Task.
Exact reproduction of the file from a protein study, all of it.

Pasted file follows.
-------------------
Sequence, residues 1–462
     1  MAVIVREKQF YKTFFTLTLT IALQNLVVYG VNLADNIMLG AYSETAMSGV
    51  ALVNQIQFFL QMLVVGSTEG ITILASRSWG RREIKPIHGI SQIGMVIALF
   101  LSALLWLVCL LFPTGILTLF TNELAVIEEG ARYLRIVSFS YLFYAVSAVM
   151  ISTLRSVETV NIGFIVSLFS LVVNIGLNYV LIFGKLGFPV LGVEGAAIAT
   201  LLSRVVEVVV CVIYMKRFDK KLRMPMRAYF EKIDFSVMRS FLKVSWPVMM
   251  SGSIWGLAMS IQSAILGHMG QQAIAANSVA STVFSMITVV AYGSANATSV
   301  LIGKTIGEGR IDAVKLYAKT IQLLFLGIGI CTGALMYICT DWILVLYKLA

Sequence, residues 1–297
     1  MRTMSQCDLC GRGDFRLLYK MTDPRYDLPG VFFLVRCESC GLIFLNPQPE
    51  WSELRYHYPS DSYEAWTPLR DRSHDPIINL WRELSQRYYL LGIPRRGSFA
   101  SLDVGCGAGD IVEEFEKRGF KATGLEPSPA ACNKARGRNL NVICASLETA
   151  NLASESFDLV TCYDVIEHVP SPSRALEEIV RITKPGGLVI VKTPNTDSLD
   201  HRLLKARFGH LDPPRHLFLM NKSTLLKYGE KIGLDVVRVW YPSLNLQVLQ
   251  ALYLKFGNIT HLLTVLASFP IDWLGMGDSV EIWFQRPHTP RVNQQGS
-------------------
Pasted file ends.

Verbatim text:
Sequence, residues 1–462
     1  MAVIVREKQF YKTFFTLTLT IALQNLVVYG VNLADNIMLG AYSETAMSGV
    51  ALVNQIQFFL QMLVVGSTEG ITILASRSWG RREIKPIHGI SQIGMVIALF
   101  LSALLWLVCL LFPTGILTLF TNELAVIEEG ARYLRIVSFS YLFYAVSAVM
   151  ISTLRSVETV NIGFIVSLFS LVVNIGLNYV LIFGKLGFPV LGVEGAAIAT
   201  LLSRVVEVVV CVIYMKRFDK KLRMPMRAYF EKIDFSVMRS FLKVSWPVMM
   251  SGSIWGLAMS IQSAILGHMG QQAIAANSVA STVFSMITVV AYGSANATSV
   301  LIGKTIGEGR IDAVKLYAKT IQLLFLGIGI CTGALMYICT DWILVLYKLA

Sequence, residues 1–297
     1  MRTMSQCDLC GRGDFRLLYK MTDPRYDLPG VFFLVRCESC GLIFLNPQPE
    51  WSELRYHYPS DSYEAWTPLR DRSHDPIINL WRELSQRYYL LGIPRRGSFA
   101  SLDVGCGAGD IVEEFEKRGF KATGLEPSPA ACNKARGRNL NVICASLETA
   151  NLASESFDLV TCYDVIEHVP SPSRALEEIV RITKPGGLVI VKTPNTDSLD
   201  HRLLKARFGH LDPPRHLFLM NKSTLLKYGE KIGLDVVRVW YPSLNLQVLQ
   251  ALYLKFGNIT HLLTVLASFP IDWLGMGDSV EIWFQRPHTP RVNQQGS